William Kelly sentenced to 18 months in prison in connection with the AnC Vermont EB-5 project in the Northeast Kingdom

 

Date: April 20, 2022

Contact: newsroom@ci.irs.gov

The United States Attorney's Office announced that William Kelly of Fort Lauderdale, Florida, and previously of Weston, Florida, was sentenced today to 18 months in prison by Chief Judge Geoffrey W. Crawford in United States District Court. Chief Judge Crawford also ordered a three-year term of supervised release and ordered Kelly to pay $8,338,600.77 in restitution. Today's sentencing follows Kelly's guilty plea in June 2021 to conspiring with co-defendants Ariel Quiros, Jong Weon (Alex) Choi, and William Stenger in a multi-year wire fraud scheme to defraud immigrant investors seeking green cards through the EB-5 program. He also pleaded guilty to concealing material facts in a matter within the jurisdiction of a federal agency, namely United States Citizenship and Immigration Services (USCIS), which oversaw the EB-5 program.

According to court records and proceedings, the AnC Vermont project was designed to raise $110 million from 220 immigrant investors in order to construct and operate a biotechnology facility in Newport, Vermont. EB-5 investors could qualify for permanent resident status (commonly known as a green card) by investing $500,000 in a commercial enterprise approved by USCIS and the Vermont Regional Center (VRC), which had the authority to approve and monitor EB-5 projects in Vermont. In order to obtain a green card, each investor needed to demonstrate to USCIS that his or her investment had created, or would create within a few years, ten jobs. From 2012 to 2016, approximately 169 investors invested approximately $85 million in the AnC Vermont project, in addition to paying approximately $8 million in "administrative fees." Fundraising was never completed, and the AnC Vermont facility was never constructed.

When he pleaded guilty, Kelly admitted that he and his co-conspirators misled AnC Vermont investors about how investor funds would be used, about how many jobs would be created by the project, and about the timeline for this job creation. For example, Kelly and others knew that it was necessary to demonstrate a plan to create at least 2,200 jobs in order to obtain USCIS approval of the AnC Vermont project, and that USCIS approval and business revenues were both important to investors. The jobs report for the project was directly based on hiring and financial projections generated by Kelly, Choi, and Stenger to justify the job creation number required for EB-5 approval. Kelly knew that no one had assessed whether the purported financial projections in the project's business plan were reasonable. Between 2012 and 2016, Kelly and his co-conspirators maintained the jobs numbers in spite of the fact that no one associated with the AnC Vermont project was making progress toward identifying customers for clean room rentals, acquiring commercially viable stem cell products, or developing the potential artificial organs.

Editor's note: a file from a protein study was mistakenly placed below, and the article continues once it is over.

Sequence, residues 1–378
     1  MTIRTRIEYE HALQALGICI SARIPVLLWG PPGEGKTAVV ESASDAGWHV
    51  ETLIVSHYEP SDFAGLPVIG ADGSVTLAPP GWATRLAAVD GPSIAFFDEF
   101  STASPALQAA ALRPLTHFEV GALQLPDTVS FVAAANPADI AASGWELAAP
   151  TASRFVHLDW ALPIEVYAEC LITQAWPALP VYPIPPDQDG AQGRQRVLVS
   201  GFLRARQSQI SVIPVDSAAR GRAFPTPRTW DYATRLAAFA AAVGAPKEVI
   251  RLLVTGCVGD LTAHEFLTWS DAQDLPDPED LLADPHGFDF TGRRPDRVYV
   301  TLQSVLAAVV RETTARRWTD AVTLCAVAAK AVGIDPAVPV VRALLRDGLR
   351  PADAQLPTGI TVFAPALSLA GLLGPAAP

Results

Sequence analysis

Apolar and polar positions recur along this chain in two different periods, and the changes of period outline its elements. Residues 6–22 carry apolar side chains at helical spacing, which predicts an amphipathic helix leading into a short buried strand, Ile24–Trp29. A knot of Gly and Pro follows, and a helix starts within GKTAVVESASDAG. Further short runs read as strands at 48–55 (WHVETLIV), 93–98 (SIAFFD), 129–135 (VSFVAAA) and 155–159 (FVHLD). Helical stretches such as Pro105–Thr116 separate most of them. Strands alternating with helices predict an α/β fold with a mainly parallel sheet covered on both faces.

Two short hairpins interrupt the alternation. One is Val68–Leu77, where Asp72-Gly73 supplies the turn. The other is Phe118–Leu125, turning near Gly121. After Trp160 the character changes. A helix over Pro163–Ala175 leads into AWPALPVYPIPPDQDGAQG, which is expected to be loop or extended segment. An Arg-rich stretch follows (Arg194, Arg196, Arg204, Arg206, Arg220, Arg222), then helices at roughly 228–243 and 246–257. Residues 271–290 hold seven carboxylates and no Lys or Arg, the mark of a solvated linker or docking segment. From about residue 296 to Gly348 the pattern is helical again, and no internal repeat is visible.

Kelly also admitted that between March 2013 and October 2014, he helped Quiros and Stenger pay over $47 million in AnC Vermont investor money to Jay Construction Management (JCM), a Quiros-controlled entity that was designated as a pass-through corporation for approximately $52 million that was to be paid to a Korean company created and controlled by Choi. During this period, Kelly knew that Quiros forwarded less than $6 million from JCM to Choi's company. Kelly knew that Quiros used approximately $21 million of the AnC Vermont investor funds sent to JCM to pay off a Raymond James loan that was used for expenses unrelated to the AnC Vermont project. In addition to the wire fraud conspiracy charge, Kelly admitted helping conceal from the VRC that Quiros had used the $21 million in AnC Vermont investor funds for purposes unrelated to the AnC Vermont project.

As part of his plea agreement, Kelly agreed to cooperate in the government's ongoing matters related to this case. The plea agreement signed by Kelly and the government capped Kelly's potential jail sentence at 36 months, so long as he abided by the terms of the agreement. In connection with Kelly's sentencing proceeding, the government informed the Court that Kelly had abided by the agreement's terms and would be called as a witness at any trial of Kelly's co-defendants.

Co-defendant Quiros pleaded guilty to wire fraud conspiracy, money laundering, and concealment charges in August 2020 and is scheduled to be sentenced on April 29, 2022. Co-defendant Stenger pleaded guilty to submitting false documents to the VRC and was sentenced to 18 months' imprisonment and 3 years of supervised release, and ordered to pay $250,000 in restitution, on April 14, 2022. Co-defendant Choi remains at large.

Nikolas P. Kerest, United States Attorney, expresses his gratitude for the outstanding investigation assistance by the IRS Criminal Investigation, Federal Bureau of Investigation, the FDA Office of Criminal Investigations, and for the assistance of the Justice Department's Fraud Section and Office of International Affairs. The prosecutors handling the case are Assistant U.S. Attorneys Nicole Cate and Paul Van de Graaf. William Kelly is represented by Robert Goldstein, Esq. and Mary Kehoe, Esq. Ariel Quiros is represented by Neil Taylor, Esq. and Robert Katims, Esq. William Stenger is represented by Brooks McArthur, Esq. and David Williams, Esq.